Preserving Upper Merion's Past To Enlighten Its Future
King of Prussia Historical Society

Our Mission
To preserve and interpret the history of Upper Merion Township, and to stimulate public interest and to support the township’s heritage through educational programs and public events focusing on preserving the past and shaping the future.
What We’re Doing
Monthly Events – Held at Christ Church (Old Swedes) Upper Merion.

Register of Historic Places – Help us to identify places in need of preservation.

Digital Archive Project – We are digitizing our collection of maps, aerial photos and more.

Latest News – See what’s going on.

Facebook Page – Join the conversation!
How You Can Help
Become a member or renew – join the fine group of people learning, preserving and educating, and receive quarterly issues of the King of Prussia Gazette – our newsletter.

Donate via Paypal – help us in our mission; receive a thank you gift of a print of a panoramic photograph of King of Prussia for donations at a certain level.

Amazon Smile – Amazon donates to us every time you make a purchase.

Donate items of historical interest.

Volunteer – opportunities to help out are available.

Join our mailing list
Learn More
E-History Facts – See a list of the facts posted weekly on Facebook.

Educational Resources – A detailed list of resources on Upper Merion History.

Books & Publications – Read about Upper Merion’s 300 year history.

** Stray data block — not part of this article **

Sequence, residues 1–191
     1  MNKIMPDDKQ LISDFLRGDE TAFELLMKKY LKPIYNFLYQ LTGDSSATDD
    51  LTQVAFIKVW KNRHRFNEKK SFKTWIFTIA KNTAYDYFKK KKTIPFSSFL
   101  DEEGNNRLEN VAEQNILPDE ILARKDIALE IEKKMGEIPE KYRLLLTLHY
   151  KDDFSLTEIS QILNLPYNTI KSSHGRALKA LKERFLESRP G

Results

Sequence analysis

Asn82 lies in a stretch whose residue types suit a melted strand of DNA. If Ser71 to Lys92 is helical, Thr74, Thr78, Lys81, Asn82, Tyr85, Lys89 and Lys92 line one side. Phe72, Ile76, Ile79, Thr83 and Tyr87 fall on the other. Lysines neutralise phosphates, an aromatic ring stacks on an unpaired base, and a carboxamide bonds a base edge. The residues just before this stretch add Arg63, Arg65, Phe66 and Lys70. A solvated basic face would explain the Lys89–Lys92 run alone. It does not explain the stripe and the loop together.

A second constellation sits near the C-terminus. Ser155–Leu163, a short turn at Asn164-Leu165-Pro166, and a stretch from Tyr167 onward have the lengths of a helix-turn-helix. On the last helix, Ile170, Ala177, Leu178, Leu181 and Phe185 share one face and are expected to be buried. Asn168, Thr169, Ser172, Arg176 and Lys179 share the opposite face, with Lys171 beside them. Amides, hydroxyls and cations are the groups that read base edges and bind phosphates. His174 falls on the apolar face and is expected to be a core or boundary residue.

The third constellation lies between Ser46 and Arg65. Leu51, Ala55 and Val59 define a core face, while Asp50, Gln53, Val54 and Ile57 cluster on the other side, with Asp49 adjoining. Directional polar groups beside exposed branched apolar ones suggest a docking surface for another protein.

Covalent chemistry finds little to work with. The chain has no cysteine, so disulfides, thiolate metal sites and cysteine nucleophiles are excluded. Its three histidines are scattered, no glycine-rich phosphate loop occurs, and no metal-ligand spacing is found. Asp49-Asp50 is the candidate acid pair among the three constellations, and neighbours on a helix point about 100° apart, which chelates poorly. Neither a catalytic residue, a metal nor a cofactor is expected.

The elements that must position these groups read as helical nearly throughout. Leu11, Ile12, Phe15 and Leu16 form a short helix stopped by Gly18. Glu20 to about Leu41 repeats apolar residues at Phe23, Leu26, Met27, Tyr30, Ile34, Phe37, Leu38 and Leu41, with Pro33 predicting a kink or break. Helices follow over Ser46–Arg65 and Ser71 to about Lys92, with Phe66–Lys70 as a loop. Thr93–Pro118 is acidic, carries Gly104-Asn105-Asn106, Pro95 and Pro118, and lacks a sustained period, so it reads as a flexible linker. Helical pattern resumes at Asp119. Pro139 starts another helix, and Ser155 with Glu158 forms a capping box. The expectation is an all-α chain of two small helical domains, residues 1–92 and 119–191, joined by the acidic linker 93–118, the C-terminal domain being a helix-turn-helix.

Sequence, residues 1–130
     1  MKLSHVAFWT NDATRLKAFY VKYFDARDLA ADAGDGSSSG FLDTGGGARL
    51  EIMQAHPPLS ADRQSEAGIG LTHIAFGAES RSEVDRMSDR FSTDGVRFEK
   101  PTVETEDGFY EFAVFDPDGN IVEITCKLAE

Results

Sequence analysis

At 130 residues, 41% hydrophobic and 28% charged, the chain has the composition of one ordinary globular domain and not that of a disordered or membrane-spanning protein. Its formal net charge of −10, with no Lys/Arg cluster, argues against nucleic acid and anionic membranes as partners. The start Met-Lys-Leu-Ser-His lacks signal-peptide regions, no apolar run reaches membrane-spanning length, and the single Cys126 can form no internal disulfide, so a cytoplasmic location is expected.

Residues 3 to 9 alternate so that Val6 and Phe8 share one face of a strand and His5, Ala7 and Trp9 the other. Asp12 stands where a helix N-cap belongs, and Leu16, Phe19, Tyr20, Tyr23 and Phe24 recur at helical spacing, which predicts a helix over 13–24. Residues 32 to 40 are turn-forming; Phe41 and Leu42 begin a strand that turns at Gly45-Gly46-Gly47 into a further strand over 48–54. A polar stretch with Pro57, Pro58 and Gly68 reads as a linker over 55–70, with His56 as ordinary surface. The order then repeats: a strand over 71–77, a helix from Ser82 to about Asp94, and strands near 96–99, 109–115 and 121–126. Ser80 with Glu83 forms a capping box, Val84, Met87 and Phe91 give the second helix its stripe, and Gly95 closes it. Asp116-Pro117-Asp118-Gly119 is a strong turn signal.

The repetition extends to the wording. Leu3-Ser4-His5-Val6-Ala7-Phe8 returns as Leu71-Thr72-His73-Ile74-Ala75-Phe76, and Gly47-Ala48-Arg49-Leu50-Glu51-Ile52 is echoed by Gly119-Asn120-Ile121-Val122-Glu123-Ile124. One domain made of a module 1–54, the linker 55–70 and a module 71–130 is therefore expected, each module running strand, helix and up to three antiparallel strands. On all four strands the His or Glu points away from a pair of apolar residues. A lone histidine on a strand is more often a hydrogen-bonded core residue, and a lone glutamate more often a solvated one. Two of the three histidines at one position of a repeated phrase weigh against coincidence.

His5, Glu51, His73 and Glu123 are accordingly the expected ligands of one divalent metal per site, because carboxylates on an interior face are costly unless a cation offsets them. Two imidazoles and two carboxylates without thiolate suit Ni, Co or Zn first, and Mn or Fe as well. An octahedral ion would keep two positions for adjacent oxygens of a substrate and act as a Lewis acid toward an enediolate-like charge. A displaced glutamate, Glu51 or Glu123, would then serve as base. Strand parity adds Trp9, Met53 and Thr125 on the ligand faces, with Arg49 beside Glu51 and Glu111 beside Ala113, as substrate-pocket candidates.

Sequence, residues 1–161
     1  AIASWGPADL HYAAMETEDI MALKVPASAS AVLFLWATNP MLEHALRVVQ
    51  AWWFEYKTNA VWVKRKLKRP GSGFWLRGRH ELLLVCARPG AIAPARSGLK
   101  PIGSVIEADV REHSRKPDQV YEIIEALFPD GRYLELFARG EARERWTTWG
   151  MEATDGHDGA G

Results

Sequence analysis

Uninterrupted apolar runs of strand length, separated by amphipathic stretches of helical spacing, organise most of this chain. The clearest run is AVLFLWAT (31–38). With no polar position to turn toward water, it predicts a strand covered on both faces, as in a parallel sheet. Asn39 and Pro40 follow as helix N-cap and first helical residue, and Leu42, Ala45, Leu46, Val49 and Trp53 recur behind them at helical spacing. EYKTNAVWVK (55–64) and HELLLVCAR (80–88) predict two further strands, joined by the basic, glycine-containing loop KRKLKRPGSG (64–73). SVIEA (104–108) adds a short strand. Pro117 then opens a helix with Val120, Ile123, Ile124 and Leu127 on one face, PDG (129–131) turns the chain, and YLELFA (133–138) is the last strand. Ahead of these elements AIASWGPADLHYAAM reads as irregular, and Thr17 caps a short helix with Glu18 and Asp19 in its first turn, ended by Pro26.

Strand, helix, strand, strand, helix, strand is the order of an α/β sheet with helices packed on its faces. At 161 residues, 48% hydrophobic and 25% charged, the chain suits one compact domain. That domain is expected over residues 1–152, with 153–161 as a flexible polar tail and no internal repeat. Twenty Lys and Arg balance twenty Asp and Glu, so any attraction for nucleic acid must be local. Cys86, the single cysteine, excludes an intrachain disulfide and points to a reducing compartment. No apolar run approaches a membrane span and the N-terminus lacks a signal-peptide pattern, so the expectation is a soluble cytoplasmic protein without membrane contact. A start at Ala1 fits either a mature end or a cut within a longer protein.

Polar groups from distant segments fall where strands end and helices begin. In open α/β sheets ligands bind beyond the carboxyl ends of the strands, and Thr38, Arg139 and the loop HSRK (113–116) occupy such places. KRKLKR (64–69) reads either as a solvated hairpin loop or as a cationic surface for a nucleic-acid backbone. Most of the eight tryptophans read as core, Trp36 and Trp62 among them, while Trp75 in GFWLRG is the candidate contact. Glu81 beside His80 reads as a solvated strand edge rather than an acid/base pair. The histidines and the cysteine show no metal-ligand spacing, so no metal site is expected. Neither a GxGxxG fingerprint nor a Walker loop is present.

Digital Archive – Old maps, aerial photos and other items of historical interest.

The Gazette – Our monthly newsletter which includes articles on our local history.



Here is another fact about our schools courtesy of the Historical Society of Montgomery County (

Thursday, 25 May 2017
The Old Gulf School
Written by Nancy Sullivan, Archivist

Here is a photograph that just came into the Historical Society of the old Gulf School. Yes, it is sometimes called the “Gulph” School, but the former spelling seems to have been more common in the early days.

I couldn’t find an exact date of its founding. I do know it was operating as a school as early as 1785 when future US Congressman Jonathan Roberts attended. Decades later, the school had a teacher who terrorized students with a whip, according to an article by Edward Hocker (a.k.a. Norris) in Times-Herald article from 1930. His tenure at the school came to end when he was arrested and later convicted for horse stealing.

Like most schools in the early nineteenth century, Upper Merion schools employed only men as teachers. According to Hocker, teachers made $20 per month in 1837. In the middle of the nineteenth century, women began to move into the profession. Here we see two female teachers with an 1891 class. The head teacher, on the right, was Anne Davis.

Today the building that once housed the school is the property of Gulph Christian Church. The church began in the school when Frederick Plummber began preaching there in 1830, according to M. Regina Stitler Supplee in her article “History of Gulph Christian Church, Gulph Mills, PA.” The church met there until 1835 when the congregation was able to build its own church.